4. The NYT’s pieces provide a pretty good case that (at least one) outside scientists, who reviewed the case against Hauser, thought that “the accusations were unfounded.” Maybe Galef is a dupe, but his creds look ok to me. At any rate, someone with expertise in Hauser’s field reviewed the evidence against him and concluded that there was not enough evidence to conclude fraud, or anything close to it.
5. Galef further noted that the Harvard investigating committee did not include people familiar with “the culture of an animal behavior laboratory,” which has “a different approach to research and data-keeping” than what one finds in other domains, especially the physical sciences from which the members of the Harvard investigating committee appeared to come from. I’m pretty sure that few behavioral or Social scientists would like to be subject to the standards of experimental hygiene characteristic of the work in the physical sciences. Is it possible that in the investigation that set the tone for what followed, Hauser was not judged by scientists with the right background knowledge?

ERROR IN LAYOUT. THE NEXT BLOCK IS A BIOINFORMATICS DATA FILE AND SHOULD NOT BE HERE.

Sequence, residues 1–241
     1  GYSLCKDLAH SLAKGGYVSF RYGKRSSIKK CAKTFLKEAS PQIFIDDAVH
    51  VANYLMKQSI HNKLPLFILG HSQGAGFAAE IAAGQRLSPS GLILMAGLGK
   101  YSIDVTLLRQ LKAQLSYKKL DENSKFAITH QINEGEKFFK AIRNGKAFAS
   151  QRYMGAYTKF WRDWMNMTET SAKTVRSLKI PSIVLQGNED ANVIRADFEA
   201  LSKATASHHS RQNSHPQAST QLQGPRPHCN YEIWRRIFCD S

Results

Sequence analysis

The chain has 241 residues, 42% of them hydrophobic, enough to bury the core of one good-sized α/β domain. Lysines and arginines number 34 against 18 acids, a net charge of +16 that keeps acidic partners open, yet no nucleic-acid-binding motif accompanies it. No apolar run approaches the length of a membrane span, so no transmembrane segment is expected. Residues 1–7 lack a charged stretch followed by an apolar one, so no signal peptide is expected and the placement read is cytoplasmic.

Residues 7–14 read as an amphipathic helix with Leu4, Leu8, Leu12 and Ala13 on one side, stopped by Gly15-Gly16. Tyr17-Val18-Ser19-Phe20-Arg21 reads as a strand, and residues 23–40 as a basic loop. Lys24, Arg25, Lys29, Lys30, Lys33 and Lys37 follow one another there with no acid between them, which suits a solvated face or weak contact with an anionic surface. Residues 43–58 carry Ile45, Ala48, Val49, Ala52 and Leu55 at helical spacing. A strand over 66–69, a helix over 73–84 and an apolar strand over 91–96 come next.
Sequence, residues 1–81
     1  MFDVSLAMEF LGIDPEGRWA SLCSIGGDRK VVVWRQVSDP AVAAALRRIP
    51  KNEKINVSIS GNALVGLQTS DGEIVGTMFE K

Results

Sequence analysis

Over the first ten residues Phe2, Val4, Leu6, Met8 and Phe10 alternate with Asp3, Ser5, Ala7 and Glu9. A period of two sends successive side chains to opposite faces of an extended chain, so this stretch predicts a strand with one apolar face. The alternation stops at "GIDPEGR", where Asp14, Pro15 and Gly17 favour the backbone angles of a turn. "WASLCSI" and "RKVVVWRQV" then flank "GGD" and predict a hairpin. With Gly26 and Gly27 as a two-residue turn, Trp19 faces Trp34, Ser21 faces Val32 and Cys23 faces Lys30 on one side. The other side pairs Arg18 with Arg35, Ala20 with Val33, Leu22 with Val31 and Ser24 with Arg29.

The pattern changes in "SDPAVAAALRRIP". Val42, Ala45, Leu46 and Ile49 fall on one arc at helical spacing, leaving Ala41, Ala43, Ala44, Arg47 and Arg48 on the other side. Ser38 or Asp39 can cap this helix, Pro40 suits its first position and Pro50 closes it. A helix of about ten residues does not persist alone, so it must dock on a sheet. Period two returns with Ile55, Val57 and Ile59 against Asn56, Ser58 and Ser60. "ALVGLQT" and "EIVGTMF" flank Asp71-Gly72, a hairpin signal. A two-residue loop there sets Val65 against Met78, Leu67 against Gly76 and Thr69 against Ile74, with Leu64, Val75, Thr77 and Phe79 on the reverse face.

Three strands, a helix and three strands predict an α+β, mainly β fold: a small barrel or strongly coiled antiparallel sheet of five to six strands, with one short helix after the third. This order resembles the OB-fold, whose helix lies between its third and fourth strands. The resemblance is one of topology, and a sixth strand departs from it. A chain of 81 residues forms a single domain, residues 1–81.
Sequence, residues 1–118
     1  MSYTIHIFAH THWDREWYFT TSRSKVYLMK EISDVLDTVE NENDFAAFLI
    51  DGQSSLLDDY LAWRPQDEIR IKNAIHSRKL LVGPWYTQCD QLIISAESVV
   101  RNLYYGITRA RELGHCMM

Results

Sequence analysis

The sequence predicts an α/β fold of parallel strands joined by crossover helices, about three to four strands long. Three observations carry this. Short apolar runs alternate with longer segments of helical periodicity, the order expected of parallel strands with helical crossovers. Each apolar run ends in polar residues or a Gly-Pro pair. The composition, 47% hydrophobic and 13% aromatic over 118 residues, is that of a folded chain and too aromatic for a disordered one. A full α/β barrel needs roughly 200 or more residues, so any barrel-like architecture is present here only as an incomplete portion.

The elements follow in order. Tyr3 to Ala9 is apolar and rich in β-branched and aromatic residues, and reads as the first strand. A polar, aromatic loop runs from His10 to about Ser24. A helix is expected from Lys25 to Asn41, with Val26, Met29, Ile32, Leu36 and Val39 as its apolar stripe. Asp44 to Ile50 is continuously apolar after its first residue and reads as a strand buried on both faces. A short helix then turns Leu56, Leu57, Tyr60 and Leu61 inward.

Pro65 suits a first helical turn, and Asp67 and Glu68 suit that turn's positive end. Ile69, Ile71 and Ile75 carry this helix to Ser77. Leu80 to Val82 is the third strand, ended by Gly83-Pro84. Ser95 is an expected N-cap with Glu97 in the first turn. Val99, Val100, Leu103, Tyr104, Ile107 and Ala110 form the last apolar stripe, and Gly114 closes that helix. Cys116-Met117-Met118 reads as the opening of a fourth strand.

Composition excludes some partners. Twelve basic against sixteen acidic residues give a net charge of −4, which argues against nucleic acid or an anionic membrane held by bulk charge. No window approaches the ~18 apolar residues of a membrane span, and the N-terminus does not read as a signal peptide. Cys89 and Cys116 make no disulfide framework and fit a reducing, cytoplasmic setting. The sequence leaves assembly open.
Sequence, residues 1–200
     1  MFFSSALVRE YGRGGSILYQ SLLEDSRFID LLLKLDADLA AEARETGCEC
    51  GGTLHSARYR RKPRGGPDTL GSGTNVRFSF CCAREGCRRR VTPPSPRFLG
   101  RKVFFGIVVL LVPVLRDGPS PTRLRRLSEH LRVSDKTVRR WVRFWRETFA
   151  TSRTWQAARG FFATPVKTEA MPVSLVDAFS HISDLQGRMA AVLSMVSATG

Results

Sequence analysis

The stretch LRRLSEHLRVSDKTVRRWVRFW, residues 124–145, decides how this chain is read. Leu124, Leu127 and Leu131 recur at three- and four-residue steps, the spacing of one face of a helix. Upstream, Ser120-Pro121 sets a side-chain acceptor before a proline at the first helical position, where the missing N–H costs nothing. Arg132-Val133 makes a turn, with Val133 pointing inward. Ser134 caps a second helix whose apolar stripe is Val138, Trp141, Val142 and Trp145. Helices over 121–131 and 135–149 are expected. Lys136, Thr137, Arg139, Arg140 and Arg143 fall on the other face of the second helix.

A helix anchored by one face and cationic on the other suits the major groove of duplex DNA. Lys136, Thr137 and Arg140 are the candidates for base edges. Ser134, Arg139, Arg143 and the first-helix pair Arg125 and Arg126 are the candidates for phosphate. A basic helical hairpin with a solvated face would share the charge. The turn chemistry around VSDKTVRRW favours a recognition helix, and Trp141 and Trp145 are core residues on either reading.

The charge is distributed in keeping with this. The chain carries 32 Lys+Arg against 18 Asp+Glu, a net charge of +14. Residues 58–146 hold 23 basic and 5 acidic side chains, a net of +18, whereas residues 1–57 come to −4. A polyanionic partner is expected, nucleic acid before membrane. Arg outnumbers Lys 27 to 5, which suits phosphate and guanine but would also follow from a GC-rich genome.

6. The final ORI report concentrates on the retracted (subsequently replicated) Cognition article (here). The claim is that “half the data in the graph were fabricated.” Maybe. It would be nice to know what the ORI based this judgment on. All involved admit that the experimental controls were screwed up and that some of the graphs, as reported, did not reflect the experiments conducted. I have no trouble believing that there was considerable sloppiness (though to repeat, it seems not to have been fatal given the subsequent replication), but this would not support ORI’s assertion of fabrication, a term that carries the connotation of intentional deceit. I suspect that the ORI judgment rests on the prior Harvard findings. This leaves me thinking: why did this particular set of data get through the otherwise pretty reliable vetting process in Hauser’s lab, one that nixed earlier questionable data? Recall, the data from five of the other investigated papers were vetted before being sent out and as a result the reported data were changed. What happened in this case? Why did this one slip through? I can understand ORI’s conclusion if tons of published data was fabricated. But this is precisely what there is no evidence for. Why then this one case? Is it so unlikely that some goof up casued the slip? As Altmann, one of Hauser’s early accusers, notes in the NYT: “It is conceivable that the data were not fabricated, but rather that the experiment was set up wrong, and that nobody realized this until after it was published.” In the end, does the whole case against Hauser really devolve to what happened in this one case? With effectively one set of controls? Really?